Nurse Pursues Spiritual Care Degree to Become Chaplain

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Teresa Peterson
Teresa Peterson, student in the Master of Science in Spiritual Care program

Patients at AdventHealth Medical Group Primary Care in Spring Hill, Kansas, know they can count on Teresa Peterson for an inspirational word or spiritual pick-me-up when they visit or call. In fact, they may even join Teresa in a moment of prayer.

The office, which consists of a nurse, medical assistant, front desk clerks, two physician assistants and a traveling doctor, is historically a Christian practice.

“It’s a very important part of why I like working there,” said Peterson, a Registered Nurse who has three adult children. “I do pray for my patients in the office – both with them and for them.”

It’s no surprise to many then that Teresa is one of the first students in AdventHealth University’s new Master’s degree in Spiritual Care program. The online program calls for 72 credit hours, and Teresa is set to graduate in 2023.

Still, the career swerve took her by surprise. The 63-year-old said she had no plans to advance her professional life. In fact, she had thought about possibly slowing down.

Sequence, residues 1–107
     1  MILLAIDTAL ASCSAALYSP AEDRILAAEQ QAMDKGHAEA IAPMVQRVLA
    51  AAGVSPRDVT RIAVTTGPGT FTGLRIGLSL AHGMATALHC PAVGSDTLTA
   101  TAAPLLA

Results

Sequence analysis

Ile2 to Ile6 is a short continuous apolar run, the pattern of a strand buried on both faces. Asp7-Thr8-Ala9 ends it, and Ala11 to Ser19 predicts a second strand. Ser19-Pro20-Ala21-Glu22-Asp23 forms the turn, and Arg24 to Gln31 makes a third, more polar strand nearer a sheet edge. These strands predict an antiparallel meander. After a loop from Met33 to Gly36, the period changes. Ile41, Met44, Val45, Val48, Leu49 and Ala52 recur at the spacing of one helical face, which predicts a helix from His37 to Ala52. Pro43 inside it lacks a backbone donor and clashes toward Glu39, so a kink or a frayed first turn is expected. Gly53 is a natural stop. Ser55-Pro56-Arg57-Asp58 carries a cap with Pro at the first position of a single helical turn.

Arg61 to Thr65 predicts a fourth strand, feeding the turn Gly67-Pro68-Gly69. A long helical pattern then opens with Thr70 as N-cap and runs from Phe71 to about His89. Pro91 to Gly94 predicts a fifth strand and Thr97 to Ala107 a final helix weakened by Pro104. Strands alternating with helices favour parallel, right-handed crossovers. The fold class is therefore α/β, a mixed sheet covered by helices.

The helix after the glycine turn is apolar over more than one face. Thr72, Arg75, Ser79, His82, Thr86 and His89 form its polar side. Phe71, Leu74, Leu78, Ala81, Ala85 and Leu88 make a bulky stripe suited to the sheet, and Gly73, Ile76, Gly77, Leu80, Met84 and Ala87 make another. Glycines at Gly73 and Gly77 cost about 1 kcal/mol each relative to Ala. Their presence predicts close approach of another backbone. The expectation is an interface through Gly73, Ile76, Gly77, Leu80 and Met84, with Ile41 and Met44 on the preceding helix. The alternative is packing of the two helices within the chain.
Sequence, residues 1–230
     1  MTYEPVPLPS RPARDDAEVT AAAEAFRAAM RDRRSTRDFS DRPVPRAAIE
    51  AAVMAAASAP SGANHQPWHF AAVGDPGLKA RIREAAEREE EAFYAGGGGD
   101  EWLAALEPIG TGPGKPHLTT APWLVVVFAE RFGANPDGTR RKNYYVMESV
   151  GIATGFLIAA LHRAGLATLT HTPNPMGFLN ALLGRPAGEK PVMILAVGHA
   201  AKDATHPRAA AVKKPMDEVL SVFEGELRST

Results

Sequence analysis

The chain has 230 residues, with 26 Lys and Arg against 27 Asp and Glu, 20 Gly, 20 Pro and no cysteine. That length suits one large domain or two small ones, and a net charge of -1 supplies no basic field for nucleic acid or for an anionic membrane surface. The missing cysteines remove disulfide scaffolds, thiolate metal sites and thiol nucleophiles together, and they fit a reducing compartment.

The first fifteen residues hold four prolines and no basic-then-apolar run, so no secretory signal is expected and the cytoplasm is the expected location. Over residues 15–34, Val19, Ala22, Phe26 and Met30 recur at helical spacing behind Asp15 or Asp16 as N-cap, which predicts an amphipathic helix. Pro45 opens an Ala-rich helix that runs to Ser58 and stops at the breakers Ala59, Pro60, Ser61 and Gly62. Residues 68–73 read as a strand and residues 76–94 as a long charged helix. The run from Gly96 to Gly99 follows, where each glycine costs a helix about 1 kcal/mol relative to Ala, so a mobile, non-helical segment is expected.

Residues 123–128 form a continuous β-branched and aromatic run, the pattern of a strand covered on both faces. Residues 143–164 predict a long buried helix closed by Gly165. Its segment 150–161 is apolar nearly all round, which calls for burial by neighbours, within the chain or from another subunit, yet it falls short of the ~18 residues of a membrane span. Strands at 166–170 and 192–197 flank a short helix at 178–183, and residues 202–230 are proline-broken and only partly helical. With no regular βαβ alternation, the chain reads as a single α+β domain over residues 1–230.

“I was done with my education. I never thought about going back to school,” Teresa said. “I knew this was what God was leading me to though,” she said, when she discovered AHU’s new degree offering while logging on to AdventHealth’s employee website. She also learned about the robust tuition reimbursement program that AdventHealth offers, encouraging employees to grow their careers and find their passions.

AdventHealth University is a private Christian university with degree programs in Orlando, FL; Denver; and online. Its smaller environment fosters development of highly skilled individuals who live the healing values of Christ.

Teresa is a big proponent of wholistic care and is active with medical missions at her church, making her at home with AdventHealth’s mission to provide whole-person care. AdventHealth is a unified health care system with 80,000 employees, nearly 50 hospital campuses and hundreds of care sites in diverse markets throughout nine states.

“I think in healthcare, and this includes all religions, you have to care for the spiritual side of a patient. It’s more than the physical body. I think people forget there is a spiritual component.”

“When people come into the office, whether it is a child in trouble or a breast cancer diagnosis, they want to know that someone cares for more than just the physical body. The patients become a part of your family after 16 years.”

Before “doing it all” at the Primary Care office, Teresa spent eight years as a nurse in a pediatric office and three years in long-term care. She enrolled in nursing school at Baker University at age 30, once her oldest child was in school, graduating when Teresa was 36.

She is completely satisfied with starting her career as a chaplain at age 65, immersing herself in courses like Grace and Law, the History and Role of Chaplains, and Spiritual Disciplines and Practice.

“I have found that I feel more led into the spiritual aspect of healthcare,” Teresa said. “The compassion I have for my patients who are not at their best moments a lot of times is a big part of what I feel is missing in healthcare.”